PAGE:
Art style plays a big part when it comes to deciding how you want your players to perceive your game. Creepy, happy, funny etc. Sometimes when people try to make their art style too unique, however, it does more to damage the game than help it. Fortunately, the art style in Willful manages to display a large amount of originality while not sacrificing gameplay. Overall, I find the art style in this game to be pretty fantastic. The NPCs especially, with their endearing and sometimes unsettling quirks, add tons of character which a lot of other games seem to be lacking. That being said, while the game’s overall art style doesn’t have any major problems, there are some small things that I believe could benefit from adjusting.
The enemies in this game are all pretty entertaining, the wooden flying head in the forest level being my personal favorite. The only big problems that I found with bosses were with the giant rolling pig head. The wheels that the head rolls on don’t look like wheels. One of the first things I noticed about the boss area was the wheels. This also creates the problem of distracting the player from the main objective which is to kill the pig. The line through the middle is a little wonky and it makes the wheel look like an eye, so I’d suggest adding some pegs or some bolts depending on what look you’re going for. Just something to make it look more like a wheel.
This was mentioned in the article about game design, but I’d like to address it from an artistic perspective. The turrets are a little confusing. There are several different kinds of turrets in the game, which would make you think that each one would do something different. However because the turrets all do the exact same thing, it’s rather underwhelming. Some of the turrets don’t look like turrets at all, which is a problem. If turrets are one of the main obstacles in the game, you should focus on trying to make them all look good because the player is going to be seeing a lot of them, and will need to be able to pick them out from the background in order to deal with them properly.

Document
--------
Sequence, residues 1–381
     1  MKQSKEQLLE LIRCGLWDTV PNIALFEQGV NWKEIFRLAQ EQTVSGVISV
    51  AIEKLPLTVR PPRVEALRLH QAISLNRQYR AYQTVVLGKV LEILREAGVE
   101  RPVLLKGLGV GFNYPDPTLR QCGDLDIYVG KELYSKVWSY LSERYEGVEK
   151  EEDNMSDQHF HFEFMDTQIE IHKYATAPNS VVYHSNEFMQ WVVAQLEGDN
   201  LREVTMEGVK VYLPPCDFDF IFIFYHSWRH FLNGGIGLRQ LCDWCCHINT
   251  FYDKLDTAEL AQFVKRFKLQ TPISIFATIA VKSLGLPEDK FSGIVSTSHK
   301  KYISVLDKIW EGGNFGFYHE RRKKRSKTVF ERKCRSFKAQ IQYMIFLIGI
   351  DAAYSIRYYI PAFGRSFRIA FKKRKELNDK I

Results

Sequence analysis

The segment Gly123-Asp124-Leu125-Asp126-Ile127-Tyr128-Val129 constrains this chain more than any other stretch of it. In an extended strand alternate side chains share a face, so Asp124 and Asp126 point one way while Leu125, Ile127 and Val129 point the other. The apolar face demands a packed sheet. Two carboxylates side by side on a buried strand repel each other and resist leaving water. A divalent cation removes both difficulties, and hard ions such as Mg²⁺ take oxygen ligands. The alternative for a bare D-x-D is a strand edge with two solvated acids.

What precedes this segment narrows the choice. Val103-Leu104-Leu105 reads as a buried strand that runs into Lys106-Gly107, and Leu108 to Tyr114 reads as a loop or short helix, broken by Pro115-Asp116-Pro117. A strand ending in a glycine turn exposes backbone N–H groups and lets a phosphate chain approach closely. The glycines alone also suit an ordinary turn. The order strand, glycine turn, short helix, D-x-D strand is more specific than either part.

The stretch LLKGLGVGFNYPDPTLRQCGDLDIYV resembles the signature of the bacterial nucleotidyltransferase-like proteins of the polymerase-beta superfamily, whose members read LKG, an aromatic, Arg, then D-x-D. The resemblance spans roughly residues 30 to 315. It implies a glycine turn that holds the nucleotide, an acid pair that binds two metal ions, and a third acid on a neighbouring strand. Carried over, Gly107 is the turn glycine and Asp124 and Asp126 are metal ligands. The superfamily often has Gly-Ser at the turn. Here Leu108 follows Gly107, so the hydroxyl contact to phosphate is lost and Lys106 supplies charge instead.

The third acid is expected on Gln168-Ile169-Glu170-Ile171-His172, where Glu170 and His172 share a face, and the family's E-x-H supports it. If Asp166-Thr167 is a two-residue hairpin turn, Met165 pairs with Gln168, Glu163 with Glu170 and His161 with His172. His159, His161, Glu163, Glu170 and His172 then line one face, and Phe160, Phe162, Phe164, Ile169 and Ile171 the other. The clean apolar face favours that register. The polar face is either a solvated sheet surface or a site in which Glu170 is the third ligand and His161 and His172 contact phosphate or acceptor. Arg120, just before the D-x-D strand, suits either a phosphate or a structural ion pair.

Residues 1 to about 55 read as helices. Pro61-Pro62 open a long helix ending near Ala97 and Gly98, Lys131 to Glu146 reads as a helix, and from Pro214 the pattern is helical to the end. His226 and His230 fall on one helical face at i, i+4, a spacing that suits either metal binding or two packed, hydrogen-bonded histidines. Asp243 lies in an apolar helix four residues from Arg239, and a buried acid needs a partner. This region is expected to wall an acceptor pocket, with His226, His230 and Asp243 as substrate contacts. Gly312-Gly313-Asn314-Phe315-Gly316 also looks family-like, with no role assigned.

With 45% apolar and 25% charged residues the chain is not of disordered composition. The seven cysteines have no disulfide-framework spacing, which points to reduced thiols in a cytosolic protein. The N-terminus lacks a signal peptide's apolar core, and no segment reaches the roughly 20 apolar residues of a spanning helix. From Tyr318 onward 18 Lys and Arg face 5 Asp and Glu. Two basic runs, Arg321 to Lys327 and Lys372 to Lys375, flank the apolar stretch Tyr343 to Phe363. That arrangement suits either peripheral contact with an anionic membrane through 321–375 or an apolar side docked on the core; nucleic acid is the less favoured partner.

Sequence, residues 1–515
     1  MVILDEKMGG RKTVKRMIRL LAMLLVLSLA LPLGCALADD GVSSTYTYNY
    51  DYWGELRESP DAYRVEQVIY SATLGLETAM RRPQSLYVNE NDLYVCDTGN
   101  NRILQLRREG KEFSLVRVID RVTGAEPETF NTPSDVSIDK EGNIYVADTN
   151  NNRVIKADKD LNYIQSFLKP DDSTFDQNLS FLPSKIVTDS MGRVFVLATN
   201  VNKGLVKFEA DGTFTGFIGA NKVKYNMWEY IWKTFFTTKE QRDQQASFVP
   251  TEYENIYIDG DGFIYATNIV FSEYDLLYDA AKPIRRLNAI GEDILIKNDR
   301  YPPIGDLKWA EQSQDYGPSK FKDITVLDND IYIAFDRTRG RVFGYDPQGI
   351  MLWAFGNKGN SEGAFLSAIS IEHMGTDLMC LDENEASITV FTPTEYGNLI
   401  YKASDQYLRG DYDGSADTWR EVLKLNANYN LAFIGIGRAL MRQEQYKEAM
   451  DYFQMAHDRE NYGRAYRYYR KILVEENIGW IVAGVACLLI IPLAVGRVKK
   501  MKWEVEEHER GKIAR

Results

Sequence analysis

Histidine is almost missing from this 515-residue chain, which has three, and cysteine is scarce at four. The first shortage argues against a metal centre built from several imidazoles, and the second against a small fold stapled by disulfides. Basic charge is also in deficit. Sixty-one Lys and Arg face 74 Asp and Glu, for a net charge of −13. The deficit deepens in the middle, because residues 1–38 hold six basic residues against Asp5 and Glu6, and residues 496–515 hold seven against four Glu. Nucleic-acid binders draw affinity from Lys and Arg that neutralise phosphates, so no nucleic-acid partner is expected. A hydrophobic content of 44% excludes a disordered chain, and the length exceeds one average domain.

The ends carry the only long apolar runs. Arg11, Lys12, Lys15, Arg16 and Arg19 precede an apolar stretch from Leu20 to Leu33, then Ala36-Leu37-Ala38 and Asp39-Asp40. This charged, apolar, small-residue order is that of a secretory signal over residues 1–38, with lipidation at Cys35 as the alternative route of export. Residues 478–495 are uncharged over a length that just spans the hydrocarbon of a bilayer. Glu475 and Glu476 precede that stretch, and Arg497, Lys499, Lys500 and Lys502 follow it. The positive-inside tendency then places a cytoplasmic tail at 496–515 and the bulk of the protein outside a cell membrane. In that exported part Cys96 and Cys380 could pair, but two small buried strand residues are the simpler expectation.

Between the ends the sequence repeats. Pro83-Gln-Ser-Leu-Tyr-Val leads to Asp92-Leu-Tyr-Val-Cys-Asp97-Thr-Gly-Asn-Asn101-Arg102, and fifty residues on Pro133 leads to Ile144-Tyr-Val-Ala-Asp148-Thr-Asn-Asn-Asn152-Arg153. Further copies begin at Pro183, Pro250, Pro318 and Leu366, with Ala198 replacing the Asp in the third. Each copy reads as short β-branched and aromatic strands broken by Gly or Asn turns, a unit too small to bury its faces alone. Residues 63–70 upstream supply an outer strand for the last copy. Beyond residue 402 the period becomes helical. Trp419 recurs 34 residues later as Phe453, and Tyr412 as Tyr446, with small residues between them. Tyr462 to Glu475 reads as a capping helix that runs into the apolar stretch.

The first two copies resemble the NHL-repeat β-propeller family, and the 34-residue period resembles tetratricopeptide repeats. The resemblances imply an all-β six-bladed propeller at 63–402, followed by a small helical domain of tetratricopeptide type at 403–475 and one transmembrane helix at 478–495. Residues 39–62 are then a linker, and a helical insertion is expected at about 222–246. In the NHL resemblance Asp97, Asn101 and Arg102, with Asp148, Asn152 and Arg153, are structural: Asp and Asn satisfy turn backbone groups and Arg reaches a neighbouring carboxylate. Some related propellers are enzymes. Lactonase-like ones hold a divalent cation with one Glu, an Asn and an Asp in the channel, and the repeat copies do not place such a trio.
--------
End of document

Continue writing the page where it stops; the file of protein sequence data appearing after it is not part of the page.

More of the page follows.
One specific turret looks like a statue. When the player walks past it, they don’t expect it to fire at them. There are also different looking turrets in the same level, which is again confusing. Most of them don’t even follow a specific theme. I would figure out what style you want your turrets to have (steampunk, medieval, magical etc.) and stick with it. You should feel free to make different turrets, but they should do different things.
The fish is the last thing I need to address as far as enemies go. The red fish don’t look like they would hurt you. A player would jump right on top of one because they look so non-threatening. Art in a game is meant to convey things that you aren’t going to put into words, and because you chose to do a “figure it out yourself” kind of game, it would be best to make the things that are going to hurt you actually look like they are going to hurt you.
The purple fish that come along later in the game is a much better-looking enemy because they have visible teeth and more threatening faces. The red fish remind me of fish that swim in the background of Zelda games and don’t actually do anything. Something that both of the fish do kind of weird is the way that they look when they move. Fish usually move by expanding muscles on one side of their body and relaxing the other side, then switching. This propels them forward. However, the fish in the game have more of an undulating motion. This doesn’t sacrifice gameplay but it is distracting. I would lower the amount of wiggling that’s done and try to capture a smoother motion. (See picture on right)
Gems and Power Ups
The gems in this game are all over the place. I’m guessing that you were going for a more raw and uncut look rather than a polished gem, however, that makes things confusing to the player who’s accustomed to seeing specific shapes for their money/treasure. The light blue gem looks perfectly fine, and I’d suggest making all of your gems have a generally refined shape like this one instead of being a random polygon. Along with giving the gems refined shapes, I’d suggest making them all fairly similar in size. The blue one is smaller than the green one and the red one is enormous.